4 presidential bets OK with releasing their SALNs | Inquirer News

4 presidential bets OK with releasing their SALNs

Four presidential candidates said they favor the release of the Statement of Assets, Liabilities and Net Worth (SALN) filed annually by public officials as a means to detect unexplained wealth and as a safeguard against corruption.

The candidates—Vice President Leni Robredo, former security adviser Norberto Gonzales, labor leader Leody de Guzman and Sen. Manny Pacquaio—agreed on the necessity of SALNs and the disclosure of their contents while answering a series of questions at the Usapang Halalan 2022: The CBCP Election Forum hosted by the Catholic Bishops’ Conference of the Philippines that was live-streamed on Friday night.

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The CBCP said the forum was organized to help voters discern the “moral compass” of each candidate. Seven other presidential bets did not attend the forum due to prior commitments.

Under the Code of Conduct and Ethical Standards for Public Officials and Employees, all officials of national and local governments are required to file their SALN on April 30 of each year.

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People have right to view

In a memorandum issued in 2009, then Ombudsman Merceditas Gutierrez specifically allowed media entities to request the SALN of public officials for dissemination as long as journalists clearly identify themselves as such and have no intent of using a SALN for purposes “contrary to morals.”

In September 2020, Ombudsman Samuel Martires issued a new memorandum that introduced a restriction providing that a requester cannot avail of a copy of an official’s SALN if the official concerned does not issue a notarized letter of authority allowing the release of the document.

Martires’s move was apparently prompted by President Duterte’s refusal to release copies of his SALNs since 2018.

Robredo said while the law on the SALN was clear, it was the Ombudsman’s “opinion” that now makes it difficult to release it to the public.

“Sa akin, kalokohan ‘yun,” Robredo told Rico Hizon, one of the moderators.

Robredo, an economist and a lawyer, maintained that the SALN is a public record and people have the right to view its contents.

‘It should be publicized’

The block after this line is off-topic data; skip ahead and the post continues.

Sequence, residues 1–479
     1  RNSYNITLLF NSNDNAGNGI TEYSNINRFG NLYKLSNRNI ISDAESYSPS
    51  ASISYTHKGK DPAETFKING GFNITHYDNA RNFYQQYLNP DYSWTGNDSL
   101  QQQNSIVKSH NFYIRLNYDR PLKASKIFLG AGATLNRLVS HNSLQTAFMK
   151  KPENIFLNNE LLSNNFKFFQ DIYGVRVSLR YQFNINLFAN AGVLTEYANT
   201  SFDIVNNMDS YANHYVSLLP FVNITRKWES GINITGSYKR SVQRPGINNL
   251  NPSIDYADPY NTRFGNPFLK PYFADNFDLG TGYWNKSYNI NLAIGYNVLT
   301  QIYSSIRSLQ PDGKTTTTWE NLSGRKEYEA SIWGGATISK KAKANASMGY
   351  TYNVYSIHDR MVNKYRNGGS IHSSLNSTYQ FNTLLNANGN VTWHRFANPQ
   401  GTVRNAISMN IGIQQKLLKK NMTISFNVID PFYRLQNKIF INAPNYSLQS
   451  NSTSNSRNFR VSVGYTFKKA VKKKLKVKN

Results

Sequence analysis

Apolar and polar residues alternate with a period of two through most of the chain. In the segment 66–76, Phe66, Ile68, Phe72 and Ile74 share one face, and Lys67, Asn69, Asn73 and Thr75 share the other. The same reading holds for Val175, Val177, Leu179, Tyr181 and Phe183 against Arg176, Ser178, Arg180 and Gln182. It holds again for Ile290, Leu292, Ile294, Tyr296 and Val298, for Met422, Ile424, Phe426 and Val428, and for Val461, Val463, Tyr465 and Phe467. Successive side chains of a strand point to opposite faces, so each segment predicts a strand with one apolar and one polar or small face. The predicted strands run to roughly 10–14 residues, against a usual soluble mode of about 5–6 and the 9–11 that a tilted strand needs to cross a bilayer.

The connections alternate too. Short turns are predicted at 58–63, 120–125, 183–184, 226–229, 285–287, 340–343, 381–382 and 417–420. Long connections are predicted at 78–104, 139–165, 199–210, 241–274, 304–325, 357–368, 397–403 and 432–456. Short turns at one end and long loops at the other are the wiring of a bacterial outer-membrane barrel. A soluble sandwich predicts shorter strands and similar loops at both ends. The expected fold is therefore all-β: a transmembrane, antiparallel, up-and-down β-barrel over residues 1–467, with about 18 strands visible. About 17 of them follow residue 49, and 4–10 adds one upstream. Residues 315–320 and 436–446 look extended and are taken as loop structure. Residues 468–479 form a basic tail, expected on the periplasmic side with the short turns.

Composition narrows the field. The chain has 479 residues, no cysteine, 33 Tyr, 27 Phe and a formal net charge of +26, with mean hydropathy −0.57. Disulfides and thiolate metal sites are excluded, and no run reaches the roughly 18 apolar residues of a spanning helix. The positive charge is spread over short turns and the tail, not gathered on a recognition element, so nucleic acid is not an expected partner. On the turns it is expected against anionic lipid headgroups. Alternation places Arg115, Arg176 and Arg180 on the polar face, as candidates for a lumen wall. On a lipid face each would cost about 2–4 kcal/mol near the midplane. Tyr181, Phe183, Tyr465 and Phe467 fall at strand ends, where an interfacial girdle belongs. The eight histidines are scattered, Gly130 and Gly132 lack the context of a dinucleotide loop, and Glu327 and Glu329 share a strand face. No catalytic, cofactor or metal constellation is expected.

“It is also one way for people to determine if there is unexplained [wealth] being added to our assets …The SALN is a way of monitoring the movements of our assets. Although I think the SALN is not enough. There are other means to monitor like a lifestyle check. But the mere fact that there is a law that requires the [filing of the] SALN, that means it should be publicized without question,” she added in English and Filipino.

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Robredo also said it was mportant that heads of government offices responsible for information that the public may demand make sure they are not exploited for “political ends. What the law requires should be delivered.”

At his turn, Gonzales noted that foreign governments like that of Sweden, even allow the public disclosure of income tax returns, not only of officials but also of citizens. “Just go to any public library,” he said.

Hizon asked De Guzman whether he would agree to release his SALN and subject himself to a lifestyle check.

“Only thieves and liars would not agree to that … The SALN is a transparency issue,” he said in Filipino.

Pacquiao, a world famous boxer who earned millions as a professional, said his SALN was a product of hard work and wants all public officials to pledge to adhere to transparency when they begin serving in government.

He added however, that laws are now being violated “because people have no respect for them. People should respect the law, not only when they choose to comply.

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